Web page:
For those of you who shop at the growing number of farmers markets around the United States, the status of organics from China is less relevant. The movement of “locavores,” which has helped spur the rise in farmers markets, includes principles beyond just pesticide-free food. It’s also about supporting small farmers and ensuring that food is produced in an environmentally-friendly manner, by workers who are paid fair wages.
But there’s yet another growing movement underway that you may not be familiar with yet. It’s called permaculture – a grown-up version of the organic, locally-grown food movement – which I believe is the real future of healthy food. Michael Pollan, the New York Times author who wrote the book Omnivore's Dilemma, does a great job of explaining in this video.
At its roots is a focus on the relationships between animals, plants, insects, soil, water and habitat -- and how to use these relationships to create synergistic, self-supporting ecosystems. Permaculture strives to mimic the natural ecologies found in nature, and food that is grown by these natural laws will inherently be healthy.
For more information on where to find wholesome food from community supported agriculture (CSA) farms, check out this link, and for a list of grass-fed beef ranchers in the U.S. where you can find good-quality meats, please review my previous article The Selling of Organic.
Last but not least, there are a few different organic labels out there. Only one relates directly to foods: the USDA Organic seal. However, as a health conscious consumer, you’re likely also concerned about the organic standards of other products as well, such as personal care products. Here’s a rundown of the four main organic labels out there and what they mean.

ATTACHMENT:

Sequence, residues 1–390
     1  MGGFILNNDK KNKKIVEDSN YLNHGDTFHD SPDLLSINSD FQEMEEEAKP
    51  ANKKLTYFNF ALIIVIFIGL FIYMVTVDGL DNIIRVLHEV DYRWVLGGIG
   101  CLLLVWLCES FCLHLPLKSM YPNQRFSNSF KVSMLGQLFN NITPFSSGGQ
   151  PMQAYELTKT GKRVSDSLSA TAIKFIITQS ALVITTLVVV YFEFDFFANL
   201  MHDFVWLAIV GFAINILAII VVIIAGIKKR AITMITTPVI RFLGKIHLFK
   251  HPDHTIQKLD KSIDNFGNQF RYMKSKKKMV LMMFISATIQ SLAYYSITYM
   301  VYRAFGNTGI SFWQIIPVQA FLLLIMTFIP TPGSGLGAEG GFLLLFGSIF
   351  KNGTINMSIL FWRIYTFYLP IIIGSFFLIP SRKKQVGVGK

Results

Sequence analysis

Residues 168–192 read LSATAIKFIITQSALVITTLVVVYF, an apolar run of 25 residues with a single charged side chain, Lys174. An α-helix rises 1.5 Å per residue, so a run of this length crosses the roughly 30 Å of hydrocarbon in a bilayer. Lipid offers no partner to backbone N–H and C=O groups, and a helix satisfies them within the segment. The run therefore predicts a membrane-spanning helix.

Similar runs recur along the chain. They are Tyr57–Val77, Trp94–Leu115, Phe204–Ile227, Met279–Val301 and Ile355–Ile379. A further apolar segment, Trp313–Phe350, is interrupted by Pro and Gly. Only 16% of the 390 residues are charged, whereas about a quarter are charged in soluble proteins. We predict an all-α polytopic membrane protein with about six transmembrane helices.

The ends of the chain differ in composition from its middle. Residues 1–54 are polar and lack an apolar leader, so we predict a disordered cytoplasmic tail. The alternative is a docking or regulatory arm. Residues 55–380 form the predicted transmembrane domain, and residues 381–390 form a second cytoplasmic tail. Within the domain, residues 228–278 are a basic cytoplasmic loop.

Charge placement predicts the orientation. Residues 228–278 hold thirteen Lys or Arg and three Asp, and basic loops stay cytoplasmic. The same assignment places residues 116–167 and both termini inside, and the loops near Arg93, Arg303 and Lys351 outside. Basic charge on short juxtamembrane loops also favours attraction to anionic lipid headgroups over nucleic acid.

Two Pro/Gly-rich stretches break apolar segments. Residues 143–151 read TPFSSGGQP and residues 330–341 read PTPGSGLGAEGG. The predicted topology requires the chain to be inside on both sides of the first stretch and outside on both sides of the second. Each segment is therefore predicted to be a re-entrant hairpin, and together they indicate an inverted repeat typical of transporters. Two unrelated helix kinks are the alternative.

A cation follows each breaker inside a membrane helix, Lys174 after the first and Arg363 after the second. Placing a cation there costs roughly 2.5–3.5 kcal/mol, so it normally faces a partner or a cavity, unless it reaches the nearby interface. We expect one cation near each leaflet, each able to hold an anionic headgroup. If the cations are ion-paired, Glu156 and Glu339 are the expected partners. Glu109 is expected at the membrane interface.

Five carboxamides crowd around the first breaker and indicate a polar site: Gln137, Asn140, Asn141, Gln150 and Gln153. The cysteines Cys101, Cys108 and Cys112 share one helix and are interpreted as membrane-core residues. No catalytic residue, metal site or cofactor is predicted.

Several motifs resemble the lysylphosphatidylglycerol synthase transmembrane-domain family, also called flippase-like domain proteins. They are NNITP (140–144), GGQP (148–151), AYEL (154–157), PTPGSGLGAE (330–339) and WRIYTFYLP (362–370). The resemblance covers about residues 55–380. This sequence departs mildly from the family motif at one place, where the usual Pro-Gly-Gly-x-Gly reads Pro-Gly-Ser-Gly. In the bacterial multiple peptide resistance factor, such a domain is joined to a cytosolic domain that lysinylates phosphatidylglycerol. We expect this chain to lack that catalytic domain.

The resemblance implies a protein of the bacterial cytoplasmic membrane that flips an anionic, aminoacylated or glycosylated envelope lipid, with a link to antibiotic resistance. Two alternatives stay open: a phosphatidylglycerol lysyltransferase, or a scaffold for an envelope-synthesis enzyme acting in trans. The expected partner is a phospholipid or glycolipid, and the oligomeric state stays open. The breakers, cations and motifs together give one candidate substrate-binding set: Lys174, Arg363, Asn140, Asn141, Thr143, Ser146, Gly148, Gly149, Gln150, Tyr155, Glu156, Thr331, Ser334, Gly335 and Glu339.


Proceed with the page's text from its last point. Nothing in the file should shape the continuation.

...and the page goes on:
Growers and manufacturers of organic products bearing the USDA seal have to meet the strictest standards of any of the currently available organic labels, and I'm pleased to share that my new certified organic skincare and cosmetics line will be one of only five companies in the U.S. to achieve USDA Organic certification.
The USDA's National Organic Program (NOP) took effect October 21, 2002, and regulates the standards for any farm, wild crop harvesting, or handling operation that wants to sell an agricultural product as organically produced. The labeling requirements of the NOP apply to raw, fresh products and processed products that contain organic agricultural ingredients.
In order to qualify as organic, a product must be grown and processed using organic farming methods that recycle resources and promote biodiversity. Crops must be grown without synthetic pesticides, bioengineered genes, petroleum-based fertilizers, or sewage sludge-based fertilizers.
Organic livestock must have access to the outdoors and cannot be given antibiotics or growth hormones.
- Products labeled "100 percent organic" must contain only organically produced materials
- Products labeled simply "organic" must contain at least 95 percent organic ingredients, whereas
- the label "made with organic ingredients" can contain anywhere between 70 to 95 percent organic ingredients
Organic products cannot be irradiated, are not allowed to contain preservatives or flavor enhancing chemicals, nor can they contain traces of heavy metals or other contaminants in excess of of tolerances set by the FDA. The pesticide residue level cannot be higher than 5 percent of the maximum EPA pesticide tolerance.
For the complete National List of Allowed and Prohibited Substances under the USDA organic label, see this link.
Personal care products bearing the USDA organic seal must contain at least 95 percent certified-organic ingredients, and cannot contain added sulfites.
|| Natural Products Association Seal
Must contain at least 95 percent natural ingredients. Synthetic ingredients are allowed only if they have no suspected health risks.
|| EcoCert Seal
Must contain at least 95 percent natural ingredients. At least 10 percent of all ingredients must be certified-organic. Packaging must be recyclable. No petroleum, animal materials or artificial fragrances are allowed.
|| Whole Foods Market Premium Body Care Seal
More than 250 ingredients have been deemed unacceptable and cannot be used, including parabens, sodium laurel sulfates and chemical sunscreens. Maximum of 5 percent petroleum is allowed.